Al Gore's book "An Inconvenient Truth" awakened us to how our life styles and our business practices are impacting our world; accelerating pace of melting polar ice caps, rising seas, toxic chemicals in our water & food supplies, climate changes (floods & droughts), limited access to resources. We are now requiring a personal and professional environmental accountability for our actions. The process of manufacturing, distribution, and disposal of or recycling of products is going green, but green jobs are not necessarily safe jobs. These changes provide opportunities for the safety professional in the areas of: the health and safety, product safety, and environmental protection.

Sustainable Culture & Business

Sustainability is defined as: Economic development that takes full account of the environmental consequences of economic activity and is based on the use of resources that can be replaced or renewed and therefore are not depleted. Sustainability is often referred to as "Greening."

Greening means;

  1. reduce the use of hazardous products and materials in housekeeping or maintenance (also reduces the amount of hazardous wastes needing to be disposed),

  2. use more energy efficient equipment in heating, cooling, and lighting as well as construction materials,

  3. recycle electronic goods, building materials from renovation projects (example rubble for future projects or unpainted wood turned into mulch) and share usable windows & plumbing supplies with the needy,

  4. use reusable products,

  5. use energy-efficient or alternative-fuel vehicles,

  6. practice energy and environmental conservation (ride share programs & "work at home" programs to minimize travel/traffic),

  7. water conservation, and

  8. Participate in community environmental initiatives.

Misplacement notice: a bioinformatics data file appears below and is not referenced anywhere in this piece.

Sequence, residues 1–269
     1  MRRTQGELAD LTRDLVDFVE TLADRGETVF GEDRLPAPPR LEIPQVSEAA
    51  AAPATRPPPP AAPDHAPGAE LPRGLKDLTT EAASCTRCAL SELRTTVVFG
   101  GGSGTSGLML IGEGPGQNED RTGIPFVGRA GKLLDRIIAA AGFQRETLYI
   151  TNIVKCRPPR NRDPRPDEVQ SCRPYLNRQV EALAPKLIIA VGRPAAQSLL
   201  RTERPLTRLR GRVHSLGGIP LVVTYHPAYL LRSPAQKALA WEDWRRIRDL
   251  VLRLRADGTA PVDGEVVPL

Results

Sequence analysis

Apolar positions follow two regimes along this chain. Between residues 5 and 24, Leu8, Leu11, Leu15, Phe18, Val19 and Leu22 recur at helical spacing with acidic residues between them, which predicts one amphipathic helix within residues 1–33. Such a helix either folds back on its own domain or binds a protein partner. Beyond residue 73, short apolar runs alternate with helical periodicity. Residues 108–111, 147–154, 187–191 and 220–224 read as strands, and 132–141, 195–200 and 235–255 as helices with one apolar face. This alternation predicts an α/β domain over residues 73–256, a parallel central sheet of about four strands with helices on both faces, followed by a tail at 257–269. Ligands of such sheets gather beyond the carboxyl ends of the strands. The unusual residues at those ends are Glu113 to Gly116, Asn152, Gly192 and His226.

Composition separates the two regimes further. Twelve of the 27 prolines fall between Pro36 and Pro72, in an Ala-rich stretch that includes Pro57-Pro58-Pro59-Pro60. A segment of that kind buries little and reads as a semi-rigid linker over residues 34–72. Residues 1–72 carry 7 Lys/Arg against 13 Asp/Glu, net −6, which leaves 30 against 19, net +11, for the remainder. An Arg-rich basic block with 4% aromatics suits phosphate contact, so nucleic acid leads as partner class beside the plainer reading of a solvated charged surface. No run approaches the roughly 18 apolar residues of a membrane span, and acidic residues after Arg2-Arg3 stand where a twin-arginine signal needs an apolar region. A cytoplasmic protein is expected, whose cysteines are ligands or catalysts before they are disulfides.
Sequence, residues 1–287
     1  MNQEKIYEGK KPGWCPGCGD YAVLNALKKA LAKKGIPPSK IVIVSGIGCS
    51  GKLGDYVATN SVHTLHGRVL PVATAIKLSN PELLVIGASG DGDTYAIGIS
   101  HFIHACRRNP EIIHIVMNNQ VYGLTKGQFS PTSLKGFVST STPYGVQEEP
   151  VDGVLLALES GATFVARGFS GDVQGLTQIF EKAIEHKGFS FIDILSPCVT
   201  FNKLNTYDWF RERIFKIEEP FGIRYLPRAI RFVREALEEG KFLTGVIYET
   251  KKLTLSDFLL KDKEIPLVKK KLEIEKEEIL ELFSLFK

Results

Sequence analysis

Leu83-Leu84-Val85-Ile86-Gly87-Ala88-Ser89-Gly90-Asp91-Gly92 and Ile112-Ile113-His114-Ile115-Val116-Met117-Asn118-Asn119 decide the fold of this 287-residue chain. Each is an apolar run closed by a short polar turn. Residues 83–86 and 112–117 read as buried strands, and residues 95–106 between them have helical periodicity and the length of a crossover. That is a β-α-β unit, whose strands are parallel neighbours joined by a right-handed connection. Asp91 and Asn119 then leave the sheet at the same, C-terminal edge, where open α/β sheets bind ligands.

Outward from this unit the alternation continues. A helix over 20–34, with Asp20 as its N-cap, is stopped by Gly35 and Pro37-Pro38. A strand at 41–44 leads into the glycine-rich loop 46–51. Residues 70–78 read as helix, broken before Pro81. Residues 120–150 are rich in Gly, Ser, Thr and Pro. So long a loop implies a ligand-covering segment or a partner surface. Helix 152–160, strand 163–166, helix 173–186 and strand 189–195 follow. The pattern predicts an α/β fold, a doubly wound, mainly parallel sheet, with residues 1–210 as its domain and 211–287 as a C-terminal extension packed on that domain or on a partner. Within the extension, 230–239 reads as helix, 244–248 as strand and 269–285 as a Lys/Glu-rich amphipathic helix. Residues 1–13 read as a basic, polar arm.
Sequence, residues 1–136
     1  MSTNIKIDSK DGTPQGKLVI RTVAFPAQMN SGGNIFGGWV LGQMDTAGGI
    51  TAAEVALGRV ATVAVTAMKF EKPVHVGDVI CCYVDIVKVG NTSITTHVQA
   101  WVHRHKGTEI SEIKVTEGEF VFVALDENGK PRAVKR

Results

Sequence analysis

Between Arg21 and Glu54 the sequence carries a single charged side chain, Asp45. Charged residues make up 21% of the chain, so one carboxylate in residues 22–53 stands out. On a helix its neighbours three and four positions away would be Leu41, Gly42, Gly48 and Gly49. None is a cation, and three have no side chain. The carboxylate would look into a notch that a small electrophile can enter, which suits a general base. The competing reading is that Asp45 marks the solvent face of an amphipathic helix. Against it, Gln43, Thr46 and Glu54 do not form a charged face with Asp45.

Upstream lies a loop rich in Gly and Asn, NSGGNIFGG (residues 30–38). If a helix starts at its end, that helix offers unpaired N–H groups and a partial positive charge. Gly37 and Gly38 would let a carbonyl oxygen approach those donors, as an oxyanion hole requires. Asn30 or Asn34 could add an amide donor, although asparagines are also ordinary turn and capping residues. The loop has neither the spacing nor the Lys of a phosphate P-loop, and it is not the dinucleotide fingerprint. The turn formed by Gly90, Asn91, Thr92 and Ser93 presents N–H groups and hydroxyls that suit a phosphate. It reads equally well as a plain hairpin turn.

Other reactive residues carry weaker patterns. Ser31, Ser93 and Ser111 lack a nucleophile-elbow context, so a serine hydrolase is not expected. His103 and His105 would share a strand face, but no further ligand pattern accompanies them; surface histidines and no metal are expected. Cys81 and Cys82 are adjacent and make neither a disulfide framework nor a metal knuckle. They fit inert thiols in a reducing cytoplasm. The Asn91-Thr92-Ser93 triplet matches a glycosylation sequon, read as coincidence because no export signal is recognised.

Scientists feel that the burning of carbon-based fuels to produce energy contributes heavily to increase of carbon dioxide and greenhouse gases in the atmosphere which are responsible for the changes in our weather patterns, global warming, and a deterioration of our health. Many people (only 4% of US adults) do not realize that buildings were the largest contributor to greenhouse gas emissions. Companies understand their "Brand Value" is affected by society's perception of their stewardship for our natural resources. They see greening as an opportunity to maximize ROI and increase brand equity. Carbon Trust, an independent company, states "tackling climate change could create opportunities for a company to increase its value by up to 80% if they are well positioned and proactive". Companies are transforming their business models and are talking in terms of the "Triple Bottom-line"; profit, the planet, and people.

Government Initiatives

The Kyoto Protocol was adopted in December 1997. In 2007, the Securities and Exchange Commission was approached by leaders in 17 states requesting all publicly held companies be required to disclose their full environmental liabilities to all potential investors. In 2007, nine Midwestern governors signed the Midwestern Regional Greenhouse Gas Reduction Accord with significant reductions targeted in carbon dioxide. Beginning January 2008 California is tripling fines for diesel vehicle idling and will prevent registration of units with outstanding citations.

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